If you have not tried Tramadol, (also known as Ultram), you can ask your doctor to prescribe 50 mg tablet, take with food and give it an hour to kick in. Might take a week to get used to it. Most people take one or three a day and report feeling better as it calms the nerves…versus percocet/oxycododne and hydrocodone-type pain drugs that cause nausea and have a higher addiction history. Compared to that, Tramadol is mild.
(Please note, ***Must know your height and weight, smoker/non, name of your mesh, what meds you are on.)
In Germany, Dr. Georg Arlt has had some good outcomes at the Park Klinic. Keep in mind the nerve issue must be attended to, and if any infection present concern should be expressed over using another mesh made of polypropylene.
Don’t be surprised if the surgeon states he will use another mesh as it is the standard of care and the defect may be too big to stitch up after first mesh removed. Also your removal surgeon may leave a small piece as it too hard to totally remove and the nerve may still be entrapped under that piece, so make sure you clarify that every bit of it is removed if possible (not always possible if the mesh is on femoral or iliac arteries, or bowel).
Hang in there, very rare to die of mesh complications, patient just suffers while doctors ignore the real culprit.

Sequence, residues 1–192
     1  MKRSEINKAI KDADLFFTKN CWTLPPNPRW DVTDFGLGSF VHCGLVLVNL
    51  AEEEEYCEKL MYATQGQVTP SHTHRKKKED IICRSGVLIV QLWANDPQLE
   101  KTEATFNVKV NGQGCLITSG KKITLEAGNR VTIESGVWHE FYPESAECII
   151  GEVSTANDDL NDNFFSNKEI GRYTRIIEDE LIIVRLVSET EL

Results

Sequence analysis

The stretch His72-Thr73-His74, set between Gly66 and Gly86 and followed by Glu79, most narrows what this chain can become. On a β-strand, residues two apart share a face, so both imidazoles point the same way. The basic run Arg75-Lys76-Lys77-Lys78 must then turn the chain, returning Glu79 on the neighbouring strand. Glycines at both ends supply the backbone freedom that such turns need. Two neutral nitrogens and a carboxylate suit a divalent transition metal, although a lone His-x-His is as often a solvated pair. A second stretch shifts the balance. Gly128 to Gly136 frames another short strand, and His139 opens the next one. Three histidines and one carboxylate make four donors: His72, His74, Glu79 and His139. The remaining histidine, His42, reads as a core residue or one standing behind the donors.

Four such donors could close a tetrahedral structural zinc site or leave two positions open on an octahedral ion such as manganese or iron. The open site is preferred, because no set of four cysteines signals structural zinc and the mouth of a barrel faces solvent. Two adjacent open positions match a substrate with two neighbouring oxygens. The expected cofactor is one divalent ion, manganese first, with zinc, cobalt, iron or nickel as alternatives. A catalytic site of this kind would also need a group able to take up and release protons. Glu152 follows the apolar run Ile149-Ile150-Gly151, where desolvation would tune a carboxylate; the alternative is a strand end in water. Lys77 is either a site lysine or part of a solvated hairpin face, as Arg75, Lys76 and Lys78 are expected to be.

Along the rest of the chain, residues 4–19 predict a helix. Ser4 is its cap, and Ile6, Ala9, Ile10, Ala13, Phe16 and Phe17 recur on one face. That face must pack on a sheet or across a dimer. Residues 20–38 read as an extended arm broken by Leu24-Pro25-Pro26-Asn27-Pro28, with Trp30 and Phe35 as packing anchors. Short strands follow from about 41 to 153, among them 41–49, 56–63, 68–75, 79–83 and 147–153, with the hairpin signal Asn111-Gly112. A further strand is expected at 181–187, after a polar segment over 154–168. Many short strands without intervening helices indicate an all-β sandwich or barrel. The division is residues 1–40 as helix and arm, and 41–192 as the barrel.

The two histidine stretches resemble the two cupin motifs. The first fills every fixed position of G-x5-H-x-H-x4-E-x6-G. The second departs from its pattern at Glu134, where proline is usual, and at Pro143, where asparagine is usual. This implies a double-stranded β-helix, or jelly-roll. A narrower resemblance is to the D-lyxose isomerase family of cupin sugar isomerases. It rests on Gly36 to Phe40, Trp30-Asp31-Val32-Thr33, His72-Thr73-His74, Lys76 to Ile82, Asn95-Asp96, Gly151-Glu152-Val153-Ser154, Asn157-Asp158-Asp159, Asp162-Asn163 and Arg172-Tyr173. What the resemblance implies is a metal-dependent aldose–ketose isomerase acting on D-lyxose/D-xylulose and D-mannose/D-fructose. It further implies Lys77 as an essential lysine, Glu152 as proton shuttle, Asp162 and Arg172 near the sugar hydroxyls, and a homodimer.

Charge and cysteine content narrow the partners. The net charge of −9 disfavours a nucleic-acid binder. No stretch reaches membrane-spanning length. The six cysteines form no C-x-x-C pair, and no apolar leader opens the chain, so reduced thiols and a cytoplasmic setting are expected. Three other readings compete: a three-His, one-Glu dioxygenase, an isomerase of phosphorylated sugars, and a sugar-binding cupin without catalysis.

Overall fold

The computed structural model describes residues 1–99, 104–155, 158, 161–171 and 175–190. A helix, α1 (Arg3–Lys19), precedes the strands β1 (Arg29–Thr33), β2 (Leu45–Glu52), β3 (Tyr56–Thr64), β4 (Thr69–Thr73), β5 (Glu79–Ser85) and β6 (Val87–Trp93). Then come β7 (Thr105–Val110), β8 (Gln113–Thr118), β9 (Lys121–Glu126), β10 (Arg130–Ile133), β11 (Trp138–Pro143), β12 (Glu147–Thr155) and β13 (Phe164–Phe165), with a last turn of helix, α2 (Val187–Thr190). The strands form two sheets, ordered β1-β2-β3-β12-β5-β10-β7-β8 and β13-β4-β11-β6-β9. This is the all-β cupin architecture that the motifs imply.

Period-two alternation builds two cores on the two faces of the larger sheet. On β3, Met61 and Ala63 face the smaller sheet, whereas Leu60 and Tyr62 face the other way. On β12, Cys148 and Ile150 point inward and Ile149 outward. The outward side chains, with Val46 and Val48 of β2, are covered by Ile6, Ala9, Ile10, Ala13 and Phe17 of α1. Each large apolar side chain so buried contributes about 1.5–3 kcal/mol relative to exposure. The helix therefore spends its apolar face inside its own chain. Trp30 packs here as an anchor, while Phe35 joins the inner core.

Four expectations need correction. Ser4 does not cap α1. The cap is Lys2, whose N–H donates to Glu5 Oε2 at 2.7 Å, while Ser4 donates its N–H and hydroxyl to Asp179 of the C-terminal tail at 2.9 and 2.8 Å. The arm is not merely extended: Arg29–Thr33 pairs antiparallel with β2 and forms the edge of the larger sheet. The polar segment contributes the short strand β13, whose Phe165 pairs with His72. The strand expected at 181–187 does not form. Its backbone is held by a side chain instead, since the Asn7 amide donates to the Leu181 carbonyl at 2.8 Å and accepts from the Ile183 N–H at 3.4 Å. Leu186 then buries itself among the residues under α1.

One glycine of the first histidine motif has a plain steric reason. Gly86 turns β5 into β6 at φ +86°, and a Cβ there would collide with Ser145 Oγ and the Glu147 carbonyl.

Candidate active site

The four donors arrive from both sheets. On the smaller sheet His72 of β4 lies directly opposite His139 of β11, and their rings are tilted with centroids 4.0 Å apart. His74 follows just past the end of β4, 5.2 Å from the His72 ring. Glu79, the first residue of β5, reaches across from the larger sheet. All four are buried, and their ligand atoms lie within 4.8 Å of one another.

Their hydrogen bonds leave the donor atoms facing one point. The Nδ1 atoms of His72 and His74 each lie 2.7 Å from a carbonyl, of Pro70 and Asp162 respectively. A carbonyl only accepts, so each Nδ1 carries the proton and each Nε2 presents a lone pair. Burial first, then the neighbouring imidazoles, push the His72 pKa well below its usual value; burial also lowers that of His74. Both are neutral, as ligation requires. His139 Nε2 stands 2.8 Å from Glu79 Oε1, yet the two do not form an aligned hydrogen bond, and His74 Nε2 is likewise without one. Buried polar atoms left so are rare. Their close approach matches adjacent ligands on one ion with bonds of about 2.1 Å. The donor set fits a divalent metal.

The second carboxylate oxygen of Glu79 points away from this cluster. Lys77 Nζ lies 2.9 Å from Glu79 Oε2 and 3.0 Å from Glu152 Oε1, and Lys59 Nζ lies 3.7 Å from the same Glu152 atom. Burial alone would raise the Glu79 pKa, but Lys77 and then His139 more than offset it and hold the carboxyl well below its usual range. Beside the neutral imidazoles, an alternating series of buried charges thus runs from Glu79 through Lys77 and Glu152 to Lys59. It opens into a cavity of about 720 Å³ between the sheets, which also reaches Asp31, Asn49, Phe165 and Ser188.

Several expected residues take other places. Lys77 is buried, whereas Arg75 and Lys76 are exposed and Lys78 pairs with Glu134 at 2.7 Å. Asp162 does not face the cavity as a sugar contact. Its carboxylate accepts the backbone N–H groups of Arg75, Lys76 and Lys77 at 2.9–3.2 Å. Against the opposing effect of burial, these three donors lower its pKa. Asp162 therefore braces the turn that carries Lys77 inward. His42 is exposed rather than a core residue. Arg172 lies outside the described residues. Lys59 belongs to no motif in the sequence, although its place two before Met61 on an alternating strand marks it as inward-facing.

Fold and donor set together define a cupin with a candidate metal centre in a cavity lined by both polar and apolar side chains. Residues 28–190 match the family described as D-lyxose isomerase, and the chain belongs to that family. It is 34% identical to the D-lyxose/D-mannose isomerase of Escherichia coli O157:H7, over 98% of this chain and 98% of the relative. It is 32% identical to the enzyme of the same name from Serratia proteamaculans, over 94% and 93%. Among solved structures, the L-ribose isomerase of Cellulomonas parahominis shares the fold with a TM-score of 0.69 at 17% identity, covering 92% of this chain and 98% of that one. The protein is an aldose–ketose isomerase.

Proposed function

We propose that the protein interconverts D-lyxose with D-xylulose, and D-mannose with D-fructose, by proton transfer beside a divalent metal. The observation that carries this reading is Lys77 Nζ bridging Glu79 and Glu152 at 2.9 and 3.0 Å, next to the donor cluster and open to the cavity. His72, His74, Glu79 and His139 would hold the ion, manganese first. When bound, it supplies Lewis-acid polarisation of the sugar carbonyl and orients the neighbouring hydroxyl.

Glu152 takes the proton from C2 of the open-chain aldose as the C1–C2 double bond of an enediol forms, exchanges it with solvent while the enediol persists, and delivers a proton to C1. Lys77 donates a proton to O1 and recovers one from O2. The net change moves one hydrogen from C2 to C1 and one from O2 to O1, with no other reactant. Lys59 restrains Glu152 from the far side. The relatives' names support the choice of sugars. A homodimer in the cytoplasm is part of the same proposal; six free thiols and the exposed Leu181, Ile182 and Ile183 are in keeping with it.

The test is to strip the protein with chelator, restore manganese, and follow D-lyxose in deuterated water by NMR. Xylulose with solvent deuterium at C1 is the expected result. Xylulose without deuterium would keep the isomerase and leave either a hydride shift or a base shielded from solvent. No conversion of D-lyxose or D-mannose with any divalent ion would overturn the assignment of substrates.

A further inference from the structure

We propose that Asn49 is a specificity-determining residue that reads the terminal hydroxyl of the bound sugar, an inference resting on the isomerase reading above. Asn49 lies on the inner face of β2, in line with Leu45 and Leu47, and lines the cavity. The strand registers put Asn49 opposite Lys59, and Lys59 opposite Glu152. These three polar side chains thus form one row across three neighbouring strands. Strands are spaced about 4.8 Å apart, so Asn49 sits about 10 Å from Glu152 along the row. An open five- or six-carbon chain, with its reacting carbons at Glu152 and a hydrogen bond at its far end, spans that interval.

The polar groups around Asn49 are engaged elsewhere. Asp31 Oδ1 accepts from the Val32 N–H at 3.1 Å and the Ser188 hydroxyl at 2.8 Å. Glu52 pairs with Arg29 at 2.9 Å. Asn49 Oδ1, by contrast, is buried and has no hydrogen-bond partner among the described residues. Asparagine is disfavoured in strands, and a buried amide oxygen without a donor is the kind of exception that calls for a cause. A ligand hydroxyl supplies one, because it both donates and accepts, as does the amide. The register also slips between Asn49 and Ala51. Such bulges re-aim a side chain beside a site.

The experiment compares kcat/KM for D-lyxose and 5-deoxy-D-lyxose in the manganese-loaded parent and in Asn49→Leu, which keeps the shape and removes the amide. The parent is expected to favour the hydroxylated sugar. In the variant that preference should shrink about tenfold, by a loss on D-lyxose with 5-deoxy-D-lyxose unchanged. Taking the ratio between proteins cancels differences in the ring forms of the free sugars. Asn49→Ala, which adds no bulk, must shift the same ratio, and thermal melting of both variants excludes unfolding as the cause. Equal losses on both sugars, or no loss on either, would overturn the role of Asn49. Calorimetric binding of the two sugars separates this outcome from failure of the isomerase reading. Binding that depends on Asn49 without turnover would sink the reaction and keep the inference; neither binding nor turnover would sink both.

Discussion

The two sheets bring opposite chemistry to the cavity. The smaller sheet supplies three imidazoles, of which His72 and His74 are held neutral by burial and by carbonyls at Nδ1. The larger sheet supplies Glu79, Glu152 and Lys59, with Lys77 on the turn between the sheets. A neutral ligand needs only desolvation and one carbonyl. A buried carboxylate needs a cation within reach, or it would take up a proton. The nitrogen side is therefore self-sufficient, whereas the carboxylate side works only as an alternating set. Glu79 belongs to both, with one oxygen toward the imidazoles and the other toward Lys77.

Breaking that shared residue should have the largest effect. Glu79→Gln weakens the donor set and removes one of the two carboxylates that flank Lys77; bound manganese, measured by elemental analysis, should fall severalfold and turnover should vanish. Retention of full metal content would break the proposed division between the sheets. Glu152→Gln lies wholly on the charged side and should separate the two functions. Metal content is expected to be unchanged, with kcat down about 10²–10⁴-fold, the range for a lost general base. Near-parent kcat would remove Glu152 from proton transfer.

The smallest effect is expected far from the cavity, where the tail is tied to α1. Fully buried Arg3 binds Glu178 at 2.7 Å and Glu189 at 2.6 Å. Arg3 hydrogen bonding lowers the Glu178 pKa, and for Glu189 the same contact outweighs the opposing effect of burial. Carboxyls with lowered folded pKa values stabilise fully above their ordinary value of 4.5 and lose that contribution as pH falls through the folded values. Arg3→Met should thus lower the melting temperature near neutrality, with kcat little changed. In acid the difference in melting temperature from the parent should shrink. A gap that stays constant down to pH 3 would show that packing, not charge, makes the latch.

National Meshoma Foundation
Melanie replies~ Wow thank you so much for this information. I finally feel like someone has shed some light to something I have suspected for a while now. I will have to do some research here in Australia to see what I can do. I had a discectomy the yr before having the hernia repair, it was after the two surgeries that my body started to experience crazy nerve pain. I am a non smoker, I have been trying to find my paperwork to see what mesh was inserted. My height is 5’3 and I’m 57 kilos. I have a very good diet. I only take tramadol and palexia when I can’t cope and it becomes unbearable. Most of the time I try not to take anything. I suffer in silence. I have two children so I’ve learnt to get on with it. Although this winter has not been easy. My inflammation and hip, back and groin are very painful. I did an elimination diet a few yrs ago and I know that food has a lot to do with my body’s inflammation. I guess my winter diet is not as healthy as my summer diet.
I really appreciate you messaging back with the indepth information you have given. I first need to find out what mesh was used. Then I can progress from there. I watched a program on Netflix and it opened my eyes and made me research about the mesh. I hope one day the medical body that allows these to be used will find themselves under scrutiny for the pain caused from them.
Thank you so much and regards